The student media organization of California State University Northridge

Daily Sundial

The student media organization of California State University Northridge

Daily Sundial

The student media organization of California State University Northridge

Daily Sundial

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New eateries in renovated bookstore complex

Students exploring the campus today may be surprised to discover several changes to the Matador Bookstore Complex, the biggest change being the three new restaurants occupying what was once known as the Stations Food Court. Replacing the pizza, Chinese, Mexican and sushi vendors that previously occupied the space, along with smoothie chain Jamba Juice, are three well-known chains: Panda Express, with Chinese food; El Pollo Loco, with Mexican-style dishes; and Juice It Up!, a juice and smoothie company that originated on the beaches of Southern California.

“When I was in college, I was looking for low-priced places to eat lunch,” said Urbano Acevedo, El Pollo Loco’s Director of Operations for Pollo West. He said El Pollo Loco offers that, especially with its dollar menu. CSUN used to have an El Pollo Loco restaurant almost ten years ago, but the restaurant failed to meet sales expectations, possibly because of a dramatic difference in the number of students attending the university between now and then, Acevedo said.

Acevedo also added that El Pollo Loco isn’t fast food. He said their menu is healthy, offering a variety of chicken dishes and also many vegetarian dishes, such as their “BRC” burrito, which features Pinto beans, rice and cheese. They also offer chicken on the bone, unlike similar chicken or Mexican-themed restaurants.

Many students familiar with the region surrounding the campus may wonder why there is a Panda Express on campus when there has been one located in the University Plaza on Reseda Boulevard and Nordhoff Street for many years.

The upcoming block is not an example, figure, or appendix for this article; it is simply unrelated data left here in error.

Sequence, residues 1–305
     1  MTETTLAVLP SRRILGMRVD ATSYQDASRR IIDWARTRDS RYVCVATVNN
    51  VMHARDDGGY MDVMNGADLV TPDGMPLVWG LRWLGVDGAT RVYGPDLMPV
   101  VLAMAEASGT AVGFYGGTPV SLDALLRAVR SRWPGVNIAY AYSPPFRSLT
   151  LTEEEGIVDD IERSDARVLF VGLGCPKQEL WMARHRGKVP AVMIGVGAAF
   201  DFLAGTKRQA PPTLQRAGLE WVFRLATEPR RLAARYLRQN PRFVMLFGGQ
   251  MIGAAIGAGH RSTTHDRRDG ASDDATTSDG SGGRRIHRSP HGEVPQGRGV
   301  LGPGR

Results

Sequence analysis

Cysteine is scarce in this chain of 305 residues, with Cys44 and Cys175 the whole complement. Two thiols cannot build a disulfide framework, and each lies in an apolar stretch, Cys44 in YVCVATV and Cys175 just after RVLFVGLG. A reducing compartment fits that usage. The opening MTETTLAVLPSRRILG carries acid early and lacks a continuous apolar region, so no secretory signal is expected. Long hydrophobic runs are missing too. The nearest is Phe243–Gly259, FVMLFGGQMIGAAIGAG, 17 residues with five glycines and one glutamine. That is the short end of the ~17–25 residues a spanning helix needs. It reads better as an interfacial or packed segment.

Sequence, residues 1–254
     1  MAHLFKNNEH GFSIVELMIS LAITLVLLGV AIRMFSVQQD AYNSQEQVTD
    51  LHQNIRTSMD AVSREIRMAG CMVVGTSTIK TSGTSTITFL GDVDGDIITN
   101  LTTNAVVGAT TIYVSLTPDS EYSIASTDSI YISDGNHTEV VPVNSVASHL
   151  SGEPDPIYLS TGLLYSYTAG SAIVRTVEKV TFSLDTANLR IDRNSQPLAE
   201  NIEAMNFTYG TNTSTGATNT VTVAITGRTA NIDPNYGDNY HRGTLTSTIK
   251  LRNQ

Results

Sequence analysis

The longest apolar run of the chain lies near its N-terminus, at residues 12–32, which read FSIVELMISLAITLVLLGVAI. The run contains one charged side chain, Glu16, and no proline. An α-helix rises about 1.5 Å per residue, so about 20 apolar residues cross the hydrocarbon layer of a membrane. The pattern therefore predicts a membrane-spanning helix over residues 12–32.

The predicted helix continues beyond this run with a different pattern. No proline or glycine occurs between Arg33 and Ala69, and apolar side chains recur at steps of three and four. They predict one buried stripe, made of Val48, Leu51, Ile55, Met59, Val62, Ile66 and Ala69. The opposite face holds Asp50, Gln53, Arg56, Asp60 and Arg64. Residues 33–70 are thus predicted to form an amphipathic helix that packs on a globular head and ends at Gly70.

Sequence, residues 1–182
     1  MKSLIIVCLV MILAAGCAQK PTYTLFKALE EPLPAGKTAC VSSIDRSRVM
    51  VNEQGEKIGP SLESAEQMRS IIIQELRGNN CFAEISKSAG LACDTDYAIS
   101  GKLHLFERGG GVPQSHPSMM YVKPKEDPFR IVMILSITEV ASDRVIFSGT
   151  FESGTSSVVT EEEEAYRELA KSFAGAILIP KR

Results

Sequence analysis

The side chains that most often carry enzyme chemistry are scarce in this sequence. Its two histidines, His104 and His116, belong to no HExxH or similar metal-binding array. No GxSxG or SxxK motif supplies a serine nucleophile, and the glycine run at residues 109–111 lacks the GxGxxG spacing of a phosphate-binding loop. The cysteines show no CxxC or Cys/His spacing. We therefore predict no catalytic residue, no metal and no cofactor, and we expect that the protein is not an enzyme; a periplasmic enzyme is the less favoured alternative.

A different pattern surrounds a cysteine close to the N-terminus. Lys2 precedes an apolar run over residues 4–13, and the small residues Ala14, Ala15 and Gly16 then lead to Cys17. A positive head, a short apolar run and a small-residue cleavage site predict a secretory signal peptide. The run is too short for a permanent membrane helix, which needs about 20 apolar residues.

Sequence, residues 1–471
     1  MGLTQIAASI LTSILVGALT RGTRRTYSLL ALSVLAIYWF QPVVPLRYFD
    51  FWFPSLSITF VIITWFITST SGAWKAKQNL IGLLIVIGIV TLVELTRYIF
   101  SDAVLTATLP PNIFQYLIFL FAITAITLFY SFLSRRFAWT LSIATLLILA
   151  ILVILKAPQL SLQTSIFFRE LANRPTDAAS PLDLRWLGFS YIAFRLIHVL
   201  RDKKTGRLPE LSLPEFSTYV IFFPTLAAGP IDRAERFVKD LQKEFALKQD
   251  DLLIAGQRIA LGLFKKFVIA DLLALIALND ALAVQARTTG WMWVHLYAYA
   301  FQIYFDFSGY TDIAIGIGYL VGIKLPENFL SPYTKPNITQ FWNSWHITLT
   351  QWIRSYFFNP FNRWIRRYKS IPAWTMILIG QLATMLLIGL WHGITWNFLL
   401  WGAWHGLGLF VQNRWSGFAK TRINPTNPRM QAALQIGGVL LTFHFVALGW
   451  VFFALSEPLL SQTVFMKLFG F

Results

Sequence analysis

“We serve different demographics,” Ana Villon, manager of the CSUN location, said. The CSUN location is especially geared toward students, while the other location may appeal to people shopping in the University Plaza, driving through the area, or living nearby.

As for the menu, it’s the same across locations, though Villon noted that the drinks at the university are marginally cheaper. Villon pointed out that Panda Express, like El Pollo Loco, provides healthy food choices for students. Villon said Panda’s selection includes lots of vegetables, such as the restaurant’s Kung Pao Chicken with Mushrooms dish. Furthermore, all the restaurant’s dishes are cooked in soybean oil, rather than more fatty options elsewhere, making Panda’s hot dishes trans fat-free. Besides pastries sold in the convenience stores, at Freudian Sip and the selection at Burger King, all foods offered on campus are trans fat-free. And even Burger King has healthy options, such as its salads, so students seeking healthy alternatives to vending machine fare should be happy to have the brand name options so readily available.

El Pollo Loco, Panda Express, and Juice It Up! were all chosen after careful consideration by the University Corporation. The University Corporation is a non-profit organization that operates solely on behalf of the university, with no funding from students or from the state. In addition to having the sole responsibility of providing food options on campus, the University Corporation also provides for a variety of awards, scholarships and events held on campus.

The new vendors follow a similar style cuisine established by their predecessors, Burrito Norte in the case of the Mexican-style food, Rice Garden for an Asian selection, and Jamba Juice for juices and smoothies.